Great post!! 💗

    Liked by 1 person

    1. Want is the best YA sci-fi I’ve ever read. And I love Malinda Lo’s writing – while A Line in the Dark is my favorite by her, I’ve also read Ash and really liked it. The Tiger’s Daughter is a slow-paced epic fantasy novel about fated love between two lesbians, and it’s beautiful. I hope you like them too!

      Liked by 1 person

  4. Oooh I love this list, Acqua! I have a weird relationship with The Tiger’s Daughter. Because on one hand, the writing is sublime and the relationship between the two characters is portrayed so, so beautifully. On the other hand, I’m not entirely comfortable with the way she portrays Asian culture (I have a friend who was just incensed with it). My feelings are still jumbled up about it, but I’ll definitely still read the sequel.

    And I have a feeling that Elena Mendoza isn’t getting as much attention because it’s about a queer girl as opposed to queer guys. *Sigh*

    Liked by 1 person

    1. That’s the only reason I can think of with Elena Mendoza. I keep seeing We Are the Ants everywhere but hardly anyone ever mentions this one, and it’s a new release.
      And I get that feeling about The Tiger’s Daughter – that’s how I feel about Locke Lamora (characters and plot: great; choosing Italian-sounding names and setting your story in fake Venice because you’re writing about fantasy mafia: less great) and I don’t really know what to do when that happens. Like, I got invested but I can’t unsee the worldbuilding, and it’s even more confusing when I think about some other aspects of that world, which I loved.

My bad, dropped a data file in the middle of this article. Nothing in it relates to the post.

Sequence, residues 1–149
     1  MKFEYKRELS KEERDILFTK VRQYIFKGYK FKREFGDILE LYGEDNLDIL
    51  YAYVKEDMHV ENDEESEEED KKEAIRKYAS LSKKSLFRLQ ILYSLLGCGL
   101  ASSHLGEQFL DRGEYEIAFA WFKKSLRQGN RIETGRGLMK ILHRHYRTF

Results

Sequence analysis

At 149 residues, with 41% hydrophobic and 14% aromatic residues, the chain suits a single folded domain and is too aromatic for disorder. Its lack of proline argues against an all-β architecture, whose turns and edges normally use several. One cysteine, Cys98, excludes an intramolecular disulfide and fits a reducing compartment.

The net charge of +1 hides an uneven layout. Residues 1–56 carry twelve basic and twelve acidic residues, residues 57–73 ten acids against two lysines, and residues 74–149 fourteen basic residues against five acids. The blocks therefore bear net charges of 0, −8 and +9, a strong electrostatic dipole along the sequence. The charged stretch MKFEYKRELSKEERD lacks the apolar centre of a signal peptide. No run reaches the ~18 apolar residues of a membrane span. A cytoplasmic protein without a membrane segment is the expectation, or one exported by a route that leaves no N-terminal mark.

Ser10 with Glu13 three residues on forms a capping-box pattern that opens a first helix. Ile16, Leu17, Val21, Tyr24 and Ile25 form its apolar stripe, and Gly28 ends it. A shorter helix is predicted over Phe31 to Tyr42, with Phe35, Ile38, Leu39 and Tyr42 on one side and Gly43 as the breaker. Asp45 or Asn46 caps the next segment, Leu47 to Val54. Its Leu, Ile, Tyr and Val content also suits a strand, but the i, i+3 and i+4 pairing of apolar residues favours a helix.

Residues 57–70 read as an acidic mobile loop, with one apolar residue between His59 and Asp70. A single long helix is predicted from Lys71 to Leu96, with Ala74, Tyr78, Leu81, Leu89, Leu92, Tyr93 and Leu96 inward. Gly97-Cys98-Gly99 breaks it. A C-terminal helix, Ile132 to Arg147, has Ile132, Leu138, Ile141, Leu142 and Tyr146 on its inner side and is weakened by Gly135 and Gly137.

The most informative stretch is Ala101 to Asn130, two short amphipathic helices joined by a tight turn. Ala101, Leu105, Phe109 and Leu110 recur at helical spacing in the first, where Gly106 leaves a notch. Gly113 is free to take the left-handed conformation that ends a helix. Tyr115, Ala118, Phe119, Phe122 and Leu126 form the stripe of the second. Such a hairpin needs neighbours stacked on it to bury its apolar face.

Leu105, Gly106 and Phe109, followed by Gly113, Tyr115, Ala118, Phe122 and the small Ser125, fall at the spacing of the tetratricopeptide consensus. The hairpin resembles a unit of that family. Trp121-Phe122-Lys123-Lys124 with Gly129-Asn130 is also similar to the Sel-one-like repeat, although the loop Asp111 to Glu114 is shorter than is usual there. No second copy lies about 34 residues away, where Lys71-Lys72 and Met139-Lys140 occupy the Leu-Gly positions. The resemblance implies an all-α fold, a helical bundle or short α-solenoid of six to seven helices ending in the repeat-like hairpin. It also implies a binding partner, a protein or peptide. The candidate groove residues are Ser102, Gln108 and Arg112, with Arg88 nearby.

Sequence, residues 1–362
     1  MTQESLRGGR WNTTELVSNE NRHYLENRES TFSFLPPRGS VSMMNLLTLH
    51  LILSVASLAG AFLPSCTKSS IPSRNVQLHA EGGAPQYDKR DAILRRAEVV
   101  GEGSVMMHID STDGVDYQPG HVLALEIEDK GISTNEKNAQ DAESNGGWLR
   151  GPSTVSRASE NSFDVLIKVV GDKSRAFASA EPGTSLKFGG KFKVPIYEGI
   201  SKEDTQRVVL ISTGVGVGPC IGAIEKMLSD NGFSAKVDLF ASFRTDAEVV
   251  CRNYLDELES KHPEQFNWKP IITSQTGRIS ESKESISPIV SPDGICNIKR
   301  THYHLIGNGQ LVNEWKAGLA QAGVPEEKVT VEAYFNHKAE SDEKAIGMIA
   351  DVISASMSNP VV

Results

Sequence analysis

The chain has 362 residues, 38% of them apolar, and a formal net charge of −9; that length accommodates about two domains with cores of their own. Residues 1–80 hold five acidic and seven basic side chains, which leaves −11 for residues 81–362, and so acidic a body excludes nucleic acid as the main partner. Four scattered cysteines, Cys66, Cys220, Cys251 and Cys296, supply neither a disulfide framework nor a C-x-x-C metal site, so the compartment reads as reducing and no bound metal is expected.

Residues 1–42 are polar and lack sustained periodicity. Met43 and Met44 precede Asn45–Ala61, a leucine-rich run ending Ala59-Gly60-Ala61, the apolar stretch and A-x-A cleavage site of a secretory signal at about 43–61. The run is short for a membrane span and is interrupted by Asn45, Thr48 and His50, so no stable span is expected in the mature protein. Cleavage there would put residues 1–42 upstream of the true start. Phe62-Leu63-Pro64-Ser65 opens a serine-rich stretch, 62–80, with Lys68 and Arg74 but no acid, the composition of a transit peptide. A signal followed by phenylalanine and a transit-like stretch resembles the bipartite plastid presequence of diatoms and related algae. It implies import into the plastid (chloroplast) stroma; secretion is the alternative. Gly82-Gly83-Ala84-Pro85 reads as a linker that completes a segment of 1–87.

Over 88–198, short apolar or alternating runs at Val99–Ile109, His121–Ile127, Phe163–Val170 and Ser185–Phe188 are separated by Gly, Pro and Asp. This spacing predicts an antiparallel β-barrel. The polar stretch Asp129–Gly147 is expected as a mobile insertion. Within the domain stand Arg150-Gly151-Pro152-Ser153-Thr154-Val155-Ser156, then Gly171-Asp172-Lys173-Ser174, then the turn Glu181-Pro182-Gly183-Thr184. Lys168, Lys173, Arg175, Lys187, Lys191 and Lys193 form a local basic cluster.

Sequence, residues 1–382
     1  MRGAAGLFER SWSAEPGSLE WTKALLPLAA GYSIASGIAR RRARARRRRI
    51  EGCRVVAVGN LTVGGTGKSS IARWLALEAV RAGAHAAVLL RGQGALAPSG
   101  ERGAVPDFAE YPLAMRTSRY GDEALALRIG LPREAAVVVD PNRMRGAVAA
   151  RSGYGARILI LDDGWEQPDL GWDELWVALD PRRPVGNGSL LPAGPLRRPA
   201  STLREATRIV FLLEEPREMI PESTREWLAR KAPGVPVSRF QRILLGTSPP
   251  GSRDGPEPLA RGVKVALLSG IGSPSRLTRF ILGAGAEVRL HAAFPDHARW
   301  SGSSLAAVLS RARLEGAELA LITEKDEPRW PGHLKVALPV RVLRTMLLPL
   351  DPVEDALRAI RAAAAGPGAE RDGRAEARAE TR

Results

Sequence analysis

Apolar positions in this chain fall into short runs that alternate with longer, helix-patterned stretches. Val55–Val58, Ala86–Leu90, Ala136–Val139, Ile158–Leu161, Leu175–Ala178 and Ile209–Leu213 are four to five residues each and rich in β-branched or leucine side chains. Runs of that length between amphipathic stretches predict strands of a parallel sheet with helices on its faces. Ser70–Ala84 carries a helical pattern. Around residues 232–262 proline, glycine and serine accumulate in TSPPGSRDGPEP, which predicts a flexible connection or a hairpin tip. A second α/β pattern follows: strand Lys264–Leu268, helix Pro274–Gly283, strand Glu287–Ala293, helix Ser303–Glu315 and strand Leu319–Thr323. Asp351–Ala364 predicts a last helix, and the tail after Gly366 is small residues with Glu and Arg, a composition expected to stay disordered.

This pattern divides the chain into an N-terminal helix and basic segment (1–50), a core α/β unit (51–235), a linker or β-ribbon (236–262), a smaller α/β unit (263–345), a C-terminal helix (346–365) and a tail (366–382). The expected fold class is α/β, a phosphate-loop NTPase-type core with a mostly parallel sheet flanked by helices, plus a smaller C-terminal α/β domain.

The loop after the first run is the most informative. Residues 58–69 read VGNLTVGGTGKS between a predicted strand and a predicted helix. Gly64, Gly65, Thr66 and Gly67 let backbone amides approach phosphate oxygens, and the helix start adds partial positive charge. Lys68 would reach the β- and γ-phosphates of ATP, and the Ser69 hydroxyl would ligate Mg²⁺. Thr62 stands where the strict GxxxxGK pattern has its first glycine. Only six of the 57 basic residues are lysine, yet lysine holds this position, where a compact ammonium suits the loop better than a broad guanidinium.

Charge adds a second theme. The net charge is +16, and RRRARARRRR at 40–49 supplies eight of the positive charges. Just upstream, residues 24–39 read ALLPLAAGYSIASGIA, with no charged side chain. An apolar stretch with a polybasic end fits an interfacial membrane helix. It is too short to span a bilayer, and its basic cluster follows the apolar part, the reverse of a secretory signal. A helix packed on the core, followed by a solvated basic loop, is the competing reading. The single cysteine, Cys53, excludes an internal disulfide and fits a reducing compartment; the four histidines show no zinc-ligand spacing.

(adding a line about the TTD worldbuilding because that’s what I’d do if I recommended someone Locke Lamora)

      Like

  5. i know of all the books u listed but the three urban fantasy ones and yet…. i haven’t read any of them??? they ARE on my tbr tho!!
    i saw darkling on ng but didn’t end up requesting bc the title just made me think of the darkling from grisha lmao…. i might pick it up now!

    Liked by 1 person